Monthly Archives: November 2016

Review Wednesday -The Fry Chronicles by Stephen Fry

img_1873This was one of the books I definitely wanted to listen to as an audiobook as Stephen is the narrator and I do so love his voice.

The book covers the actor’s university years and the beginnings of his career. In his usual self deprecating manner he speaks frankly about his surprise at his success, indeed at his amazement that he is taken seriously by anyone at all.

He is a shameless name-dropper but it was interesting to hear him talk of such other talents as Emma Thompson and Hugh Laurie when they too were at the very start of their careers. He talks too of the agony of writing and the absolute certainty that everything he has written will be deemed utter rubbish. A lot of writers will identify with that!

What seems most evident is Stephen’s absolute honesty, that he leaves nothing out and that he speaks the truth at every turn. He relates his struggles in life along with his successes.  His love of words too and his joy in using them makes the book so wonderfully entertaining.

My only criticism would be in the very abrupt ending. The Fry Chronicles is a long book and so, I suppose, he had to stop somewhere but it did leave me feeling that I only had half the story which, indeed, is correct.

A funny man, who is loved by many, but has had a lot of problems loving himself.

The ‘Power Hour’ and me

img_1870I read the other day that allocating a ‘power hour’ to a certain task is a good way to time-manage and I realised, without giving it a name,  that is what I have been doing for a while now.

In my case, I actually like to set a timer, not because I am in some kind of race against myself (though some days do seem that way!) but because it lets me give myself permission to totally concentrate on the job on hand.

Like so many authors, I am a procrastinator and, given half the chance, my two hours writing at the computer will be interrupted, not only by periods of umm and ahh, as I wonder where my story should go next, but also that irritating niggle that I should really make that phone call to the bank or get the washing out while the weather holds. I knew it had to stop. Nothing gets done thoroughly or well while flitting from one job to the next.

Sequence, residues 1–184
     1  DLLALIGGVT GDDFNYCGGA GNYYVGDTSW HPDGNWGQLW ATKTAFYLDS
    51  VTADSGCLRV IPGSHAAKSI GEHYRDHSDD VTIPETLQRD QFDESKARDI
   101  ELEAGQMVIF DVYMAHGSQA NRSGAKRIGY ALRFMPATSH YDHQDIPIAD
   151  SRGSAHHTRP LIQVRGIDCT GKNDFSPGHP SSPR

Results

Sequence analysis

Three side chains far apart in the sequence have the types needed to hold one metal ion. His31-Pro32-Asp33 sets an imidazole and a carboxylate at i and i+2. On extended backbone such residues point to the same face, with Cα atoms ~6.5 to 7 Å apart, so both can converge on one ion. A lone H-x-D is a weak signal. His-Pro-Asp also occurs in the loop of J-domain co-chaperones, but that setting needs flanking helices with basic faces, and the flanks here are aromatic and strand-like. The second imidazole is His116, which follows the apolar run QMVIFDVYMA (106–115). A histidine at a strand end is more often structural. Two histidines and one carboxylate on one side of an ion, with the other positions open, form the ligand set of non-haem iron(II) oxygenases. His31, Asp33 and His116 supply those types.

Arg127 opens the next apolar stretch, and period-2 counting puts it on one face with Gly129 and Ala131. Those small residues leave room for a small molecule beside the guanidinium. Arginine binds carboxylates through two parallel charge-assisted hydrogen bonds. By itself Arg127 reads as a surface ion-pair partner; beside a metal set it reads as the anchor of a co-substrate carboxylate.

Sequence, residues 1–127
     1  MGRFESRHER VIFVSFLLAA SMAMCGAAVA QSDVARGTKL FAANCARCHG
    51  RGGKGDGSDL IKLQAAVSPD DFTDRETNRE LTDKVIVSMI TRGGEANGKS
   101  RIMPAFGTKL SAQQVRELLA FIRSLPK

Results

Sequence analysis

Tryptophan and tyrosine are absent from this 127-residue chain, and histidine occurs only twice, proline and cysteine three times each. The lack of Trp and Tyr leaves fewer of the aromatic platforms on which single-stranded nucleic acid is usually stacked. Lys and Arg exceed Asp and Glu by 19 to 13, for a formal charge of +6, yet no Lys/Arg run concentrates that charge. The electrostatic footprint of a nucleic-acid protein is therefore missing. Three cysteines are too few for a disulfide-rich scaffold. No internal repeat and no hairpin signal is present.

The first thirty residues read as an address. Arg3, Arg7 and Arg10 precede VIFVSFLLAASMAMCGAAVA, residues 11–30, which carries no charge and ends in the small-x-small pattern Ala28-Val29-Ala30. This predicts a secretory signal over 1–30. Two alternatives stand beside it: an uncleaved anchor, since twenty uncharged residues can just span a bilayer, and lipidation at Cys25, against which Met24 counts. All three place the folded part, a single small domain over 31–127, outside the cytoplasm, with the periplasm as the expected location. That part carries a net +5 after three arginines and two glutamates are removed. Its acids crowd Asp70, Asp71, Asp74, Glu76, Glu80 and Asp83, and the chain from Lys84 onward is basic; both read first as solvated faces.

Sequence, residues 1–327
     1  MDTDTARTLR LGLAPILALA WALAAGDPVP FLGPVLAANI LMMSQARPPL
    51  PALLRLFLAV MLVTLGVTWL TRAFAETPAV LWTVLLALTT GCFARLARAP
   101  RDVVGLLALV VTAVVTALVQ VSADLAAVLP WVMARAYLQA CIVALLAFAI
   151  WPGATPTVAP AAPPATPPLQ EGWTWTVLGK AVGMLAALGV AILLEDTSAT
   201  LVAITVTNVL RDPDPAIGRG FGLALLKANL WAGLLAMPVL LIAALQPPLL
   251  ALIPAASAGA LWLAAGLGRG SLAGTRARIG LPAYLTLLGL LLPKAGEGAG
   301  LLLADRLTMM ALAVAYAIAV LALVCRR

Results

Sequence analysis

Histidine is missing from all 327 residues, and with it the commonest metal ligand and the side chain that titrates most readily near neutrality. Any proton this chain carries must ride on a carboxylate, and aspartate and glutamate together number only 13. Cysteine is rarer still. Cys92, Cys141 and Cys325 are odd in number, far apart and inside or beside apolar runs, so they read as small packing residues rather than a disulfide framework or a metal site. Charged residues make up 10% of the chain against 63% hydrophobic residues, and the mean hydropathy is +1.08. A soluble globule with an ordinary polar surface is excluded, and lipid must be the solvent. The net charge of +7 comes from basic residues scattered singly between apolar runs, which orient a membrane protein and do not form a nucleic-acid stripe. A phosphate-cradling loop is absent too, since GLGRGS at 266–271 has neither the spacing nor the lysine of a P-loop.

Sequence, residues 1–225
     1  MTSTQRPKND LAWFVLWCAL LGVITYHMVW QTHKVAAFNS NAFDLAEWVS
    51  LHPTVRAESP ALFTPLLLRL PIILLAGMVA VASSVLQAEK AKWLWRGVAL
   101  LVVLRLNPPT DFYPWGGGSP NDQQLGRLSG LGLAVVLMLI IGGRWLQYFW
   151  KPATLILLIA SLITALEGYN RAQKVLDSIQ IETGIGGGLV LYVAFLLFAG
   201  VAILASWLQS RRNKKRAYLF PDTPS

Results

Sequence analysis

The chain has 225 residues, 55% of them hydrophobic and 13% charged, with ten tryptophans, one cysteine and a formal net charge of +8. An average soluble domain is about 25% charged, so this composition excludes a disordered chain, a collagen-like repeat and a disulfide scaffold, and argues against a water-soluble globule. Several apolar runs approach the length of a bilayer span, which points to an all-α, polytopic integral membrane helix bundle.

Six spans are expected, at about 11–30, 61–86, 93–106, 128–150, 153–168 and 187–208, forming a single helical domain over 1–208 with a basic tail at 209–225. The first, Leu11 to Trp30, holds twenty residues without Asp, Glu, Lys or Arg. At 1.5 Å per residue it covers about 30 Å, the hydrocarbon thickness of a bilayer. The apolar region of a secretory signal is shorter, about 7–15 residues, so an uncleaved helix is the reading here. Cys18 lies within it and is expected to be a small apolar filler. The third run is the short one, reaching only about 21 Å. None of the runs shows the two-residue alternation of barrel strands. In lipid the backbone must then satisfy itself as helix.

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So I set myself a time. Usually it’s an hour. If I have a free morning I may follow it on with another hour after maybe making a cuppa and firing up the bread maker for some lovely, fresh bread, as a reward, later in the day. Sometimes it’s only half an hour. That may be to get one or two other smaller jobs like emails or a few promotional jobs out of the way.

The point is, once I set that hour going (having decided I have time to allocate it!) it seems to free me up mentally to work. I have already accepted that nothing I have to do is so urgent that it needs to be done ( or even thought about) in the next hour. I’m free! And for me it does work. When the timer goes off often I am surprised at how an hour could have gone by so quickly, but having truly concentrated on the one task to the exclusion of all others, I often feel that I have put a lot into that time and achieved more.

At the moment this is a great time for me to develop my writing muscle. I know what I want, but I also know it won’t happen unless I find strategies that work for me.